The miniature foal returned to Maree Burke with proud mum Classy Chloe.
The miniature foal returned to Maree Burke with proud mum Classy Chloe. Crystal Spencer

Foal heist was a thunderbolt

A GRIEVING miniature mare has been re-united with her missing foal after the horse thieves who stole the animal in the dark of night just hours after it was born realised they could not care for it.

The still un-named filly disappeared from a stable where her mother, a miniature horse named Classy Chloe, was locked up pending the imminent birth.

Chillingham miniature-horse-stud owner Marie Burke said she was puzzled and shocked nearly two weeks ago when she found the mare had lost her “pot belly” but no foal could be found.

She searched her property then called a vet who suggested the mare may have had a “phantom pregnancy”.

“I’ve been breeding horses all my life and I knew she was going to foal, but I thought maybe I was wrong,” said Mrs Burke.

“The mare was looking unhappy for a week, then I got up last Friday morning and the foal was in the stable.

“Whoever took it had trouble rearing it and decided to bring it back before it died.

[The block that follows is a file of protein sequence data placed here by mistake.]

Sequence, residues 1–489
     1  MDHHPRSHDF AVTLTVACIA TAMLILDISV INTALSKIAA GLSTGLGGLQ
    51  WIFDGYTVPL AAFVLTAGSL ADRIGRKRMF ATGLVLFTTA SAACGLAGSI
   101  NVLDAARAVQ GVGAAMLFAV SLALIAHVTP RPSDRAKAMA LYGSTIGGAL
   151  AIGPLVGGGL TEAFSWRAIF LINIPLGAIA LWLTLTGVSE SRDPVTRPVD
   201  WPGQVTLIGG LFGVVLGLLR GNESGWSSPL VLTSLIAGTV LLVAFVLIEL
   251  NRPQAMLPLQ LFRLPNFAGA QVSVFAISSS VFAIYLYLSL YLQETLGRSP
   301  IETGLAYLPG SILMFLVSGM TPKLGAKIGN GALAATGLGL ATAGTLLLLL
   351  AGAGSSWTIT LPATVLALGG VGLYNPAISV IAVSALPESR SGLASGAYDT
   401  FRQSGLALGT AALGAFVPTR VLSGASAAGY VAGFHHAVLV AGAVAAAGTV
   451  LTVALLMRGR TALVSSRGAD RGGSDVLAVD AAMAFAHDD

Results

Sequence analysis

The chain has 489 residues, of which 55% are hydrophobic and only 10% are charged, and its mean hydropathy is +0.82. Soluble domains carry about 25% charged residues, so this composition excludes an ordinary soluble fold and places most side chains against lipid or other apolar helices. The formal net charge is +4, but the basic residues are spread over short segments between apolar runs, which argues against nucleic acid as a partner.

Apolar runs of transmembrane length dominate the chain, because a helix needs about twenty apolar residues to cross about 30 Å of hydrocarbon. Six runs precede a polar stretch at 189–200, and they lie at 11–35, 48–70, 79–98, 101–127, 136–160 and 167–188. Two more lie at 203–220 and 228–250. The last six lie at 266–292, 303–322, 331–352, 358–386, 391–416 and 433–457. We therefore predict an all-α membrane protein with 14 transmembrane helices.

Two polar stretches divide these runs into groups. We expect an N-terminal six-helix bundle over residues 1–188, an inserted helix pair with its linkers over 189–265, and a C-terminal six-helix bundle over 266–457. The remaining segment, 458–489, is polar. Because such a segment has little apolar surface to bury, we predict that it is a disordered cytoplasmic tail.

“It was lacking food and it was so weak it couldn’t walk.

“Can you imagine how excited I was when it was returned?”

Mrs Burke said the foal was taken on the night of Tuesday, November 10 and returned on Tuesday, November 19, smelling as though it had been fed on condensed milk.

She has since had to feed it with specialised formulae and give the mare hormones to get her milk running again.

“It’s still not sucking real well but it’s going alright,” said Mrs Burke.

She said she still had not had time to name the foal, but given its dramatic first two weeks in the world suggested “maybe someone else might like to name her”.

Mrs Burke said she had her suspicions about who might havetaken the animal, possibly for a Christmas present.

“But I’m not going to accuse anyone because I’m not sure,” she said.

Horse thefts are rare in the Tweed, with a search of Tweed Daily News archives failing to find any record of another horse theft in the past six years.

Stealing horses was once a serous crime. Northern NSW bushranger Thunderbolt (Fred Ward) began his outlaw career stealing horses and was sent to Cockatoo Island jail in Sydney Harbour for 10 years in 1856 for horse theft.

Mrs Burke said she was appalled at the irresponsibility and crime she feels is now increasing in the Tweed area.



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